3 S&P Losers Turned Winners in 2022

Sometimes a bottom must be reached in order for growth to occur. That’s what a handful of S&P 500 companies are hoping as they look ahead to the new year.

It’s been another memorable record-setting year for the U.S. stock market. For some stocks, however, it’s been a year to forget. The S&P’s 27% year-to-date return has left plenty of names in the dust just as it has been led by some remarkable winners.

Ten stocks have more than doubled this year with Devon Energy and Bath & Body Works currently duking it out for MVP honors. Yet more than 70 stocks, or 15% of the S&P, are in the red year-to-date. This is largely a reflection of the supply chain constraints and other pandemic headwinds that have plagued some companies more than others.

This means investors have a diverse pool of downtrodden stocks in which to do some bargain hunting. While some companies will continue to struggle in the early months of 2022, others are in a good position to right the ship. Here are three S&P laggards that could soon become leaders.]

Will Global Payments Stock Rebound in 2022?

Global Payments (NYSE:GPN) has a comfortable lead in the race to be the worst-performing S&P stock this year. It is unfamiliar territory for a company that finished in the green every year from 2013 to 2020. The payments solutions provider has delivered solid year-over year earnings growth and topped the consensus in each quarter this year—but its stock is down more than 40%.

The main issue for Global Payments has been an increasingly competitive payment solutions landscape that has arisen from the pandemic. Despite management’s upwardly revised guidance for 2021, investors have grown concerned about a wave of new entrants to go along with traditional competitors like Fiserv and First Data. Together they represent a serious threat, but Global Payments has fended off competition before.

For starters, the company’s global presence is a major competitive advantage. Strong relationships with over 1,300 financial institutions supporting 140-plus payment types will make it hard for challengers to gain ground. Partnerships with Amazon and Google are additional feathers in its cap. Then there is Global Payment’s recent acquisition of Total System Services (TSS) which is expected to generate synergies and higher margins next year.

Management’s long-term target of 17% to 20% EPS growth looks reachable given the strength of Global Payments’ existing network, partnerships, and TSS integration. So, with the stock trading at 16x forward earnings and the average analyst price target near $200, there is a major disconnect here. 

Is Fidelity National Stock a Buy?

Fidelity National Information Services (NYSE: FIS) has a similar story to Global Payments. Despite three straight earnings beats this year, the stock is down 21% on concerns about a growth slowdown in the face of new competition.

Analysts are projecting 15% earnings growth next year which would indeed mark a slowdown from the 22% growth forecast for this year. But the fintech leader has a few tricks up it sleeve which could help it outperform in 2022.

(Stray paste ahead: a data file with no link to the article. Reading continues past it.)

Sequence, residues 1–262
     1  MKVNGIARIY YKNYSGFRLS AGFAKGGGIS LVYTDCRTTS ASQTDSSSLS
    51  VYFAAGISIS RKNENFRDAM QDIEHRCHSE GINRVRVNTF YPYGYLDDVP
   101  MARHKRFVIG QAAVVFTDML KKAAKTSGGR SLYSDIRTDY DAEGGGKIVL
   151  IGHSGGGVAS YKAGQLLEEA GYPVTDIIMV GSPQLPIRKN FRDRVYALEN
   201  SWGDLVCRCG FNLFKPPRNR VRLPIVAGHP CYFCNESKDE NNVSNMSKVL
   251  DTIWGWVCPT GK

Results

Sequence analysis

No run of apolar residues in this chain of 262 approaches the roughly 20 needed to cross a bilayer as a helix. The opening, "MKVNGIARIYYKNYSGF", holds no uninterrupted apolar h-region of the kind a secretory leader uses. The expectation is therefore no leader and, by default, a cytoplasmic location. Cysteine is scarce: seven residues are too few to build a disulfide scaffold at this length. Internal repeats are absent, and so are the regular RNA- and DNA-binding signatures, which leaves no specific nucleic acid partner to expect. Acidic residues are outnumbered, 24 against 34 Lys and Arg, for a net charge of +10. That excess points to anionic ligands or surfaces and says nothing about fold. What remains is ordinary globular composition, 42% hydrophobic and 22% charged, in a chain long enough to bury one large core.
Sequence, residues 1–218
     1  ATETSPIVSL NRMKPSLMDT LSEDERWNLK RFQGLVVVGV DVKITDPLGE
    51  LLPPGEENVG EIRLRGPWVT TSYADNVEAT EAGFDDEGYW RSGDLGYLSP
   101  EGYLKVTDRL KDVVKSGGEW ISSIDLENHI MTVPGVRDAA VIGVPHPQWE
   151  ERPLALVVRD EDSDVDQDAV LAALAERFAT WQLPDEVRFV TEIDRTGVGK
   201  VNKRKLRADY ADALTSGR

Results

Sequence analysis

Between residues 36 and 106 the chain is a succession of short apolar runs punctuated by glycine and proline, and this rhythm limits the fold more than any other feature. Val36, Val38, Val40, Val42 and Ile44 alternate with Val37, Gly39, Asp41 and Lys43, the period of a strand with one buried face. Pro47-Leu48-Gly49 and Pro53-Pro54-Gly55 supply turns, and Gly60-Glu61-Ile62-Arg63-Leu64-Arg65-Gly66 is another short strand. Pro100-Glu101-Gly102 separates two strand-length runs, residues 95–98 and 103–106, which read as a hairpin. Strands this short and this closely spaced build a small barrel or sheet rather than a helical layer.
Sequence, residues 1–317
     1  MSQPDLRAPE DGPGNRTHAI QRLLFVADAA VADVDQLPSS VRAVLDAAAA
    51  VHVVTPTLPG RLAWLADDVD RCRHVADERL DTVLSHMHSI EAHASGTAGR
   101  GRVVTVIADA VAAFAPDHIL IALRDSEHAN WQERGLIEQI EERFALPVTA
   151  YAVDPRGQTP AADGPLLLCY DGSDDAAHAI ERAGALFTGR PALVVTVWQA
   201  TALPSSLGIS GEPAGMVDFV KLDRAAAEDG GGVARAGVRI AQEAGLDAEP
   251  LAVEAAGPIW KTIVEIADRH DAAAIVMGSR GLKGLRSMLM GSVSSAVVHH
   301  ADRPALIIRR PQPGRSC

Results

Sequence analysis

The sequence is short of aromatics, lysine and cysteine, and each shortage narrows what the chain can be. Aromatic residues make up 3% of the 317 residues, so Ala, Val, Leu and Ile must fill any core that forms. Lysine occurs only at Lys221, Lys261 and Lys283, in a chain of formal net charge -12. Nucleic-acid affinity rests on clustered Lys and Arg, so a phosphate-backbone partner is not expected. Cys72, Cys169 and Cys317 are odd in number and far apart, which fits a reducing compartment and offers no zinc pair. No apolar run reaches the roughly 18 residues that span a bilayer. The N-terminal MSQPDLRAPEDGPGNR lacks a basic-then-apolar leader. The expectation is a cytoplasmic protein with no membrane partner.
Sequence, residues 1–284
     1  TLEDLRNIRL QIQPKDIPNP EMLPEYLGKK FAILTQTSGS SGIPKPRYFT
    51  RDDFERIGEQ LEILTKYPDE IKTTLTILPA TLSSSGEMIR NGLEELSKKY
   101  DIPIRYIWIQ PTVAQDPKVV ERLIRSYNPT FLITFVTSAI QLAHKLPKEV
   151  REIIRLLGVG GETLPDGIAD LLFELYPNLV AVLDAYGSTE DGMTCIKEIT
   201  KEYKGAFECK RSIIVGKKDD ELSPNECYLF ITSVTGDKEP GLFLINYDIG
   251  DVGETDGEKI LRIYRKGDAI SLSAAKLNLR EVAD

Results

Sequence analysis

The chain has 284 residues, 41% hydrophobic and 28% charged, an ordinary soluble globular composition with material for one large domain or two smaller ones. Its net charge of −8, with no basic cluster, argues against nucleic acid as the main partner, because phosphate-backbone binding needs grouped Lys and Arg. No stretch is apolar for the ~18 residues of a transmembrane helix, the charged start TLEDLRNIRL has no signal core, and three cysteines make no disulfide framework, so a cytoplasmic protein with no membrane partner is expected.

Fidelity National recently outlined a new capital allocation strategy that makes growth investments a priority. Shareholders are also expected to benefit from higher dividends and stock buybacks as part of the plan which would make the stock more attractive.

The company is also expected to derive cost savings from its merger with Worldpay, an established payment processor that’s been in the business for 50 years. Despite the duo being relative dinosaurs in the world of fintech, their combined global footprint will give them ample opportunity to gain market share in the fast-growing e-commerce market.

Since its third-quarter update, four sell-side firms have called Fidelity National a buy and two a hold. The digital payments industry has a long road ahead. Even the incumbents will benefit from the growth.

Why is T-Mobile Stock Down This Year?

It’s hard to call T-Mobile US (NASDAQ:TMUS) an S&P loser given the stock’s 72% surge in 2020. Still, down 13% year-to-date, shares of the wireless service provider look to be taking a breather before potentially recharging in 2022.

T-Mobile got a pandemic boost last year that made for some difficult comparisons heading into 2021. Demand for Internet connectivity to work, learn, and play from home took off along with the popularity of the company’s no contract service plans. This year profits are on pace to be lower, but a sharp rebound is forecast for 2022.

Analysts are predicting that EPS will jump 39% next year and exceed 2020 levels. T-Mobile is expected to build off its lofty subscriber acquisition numbers and derive greater benefits from the Sprint merger heading into the new year. Its bundling of popular streaming services like Netflix, a practive that has been mimicked by competitors, should also boost its competitive position relative to AT&T and Verizon.

Based on the growth ahead, T-Mobile is likely to regain favor with investors in 2022. This year should ultimately amount to a healthy pullback for a company with solid long-term prospects in the global wireless market.

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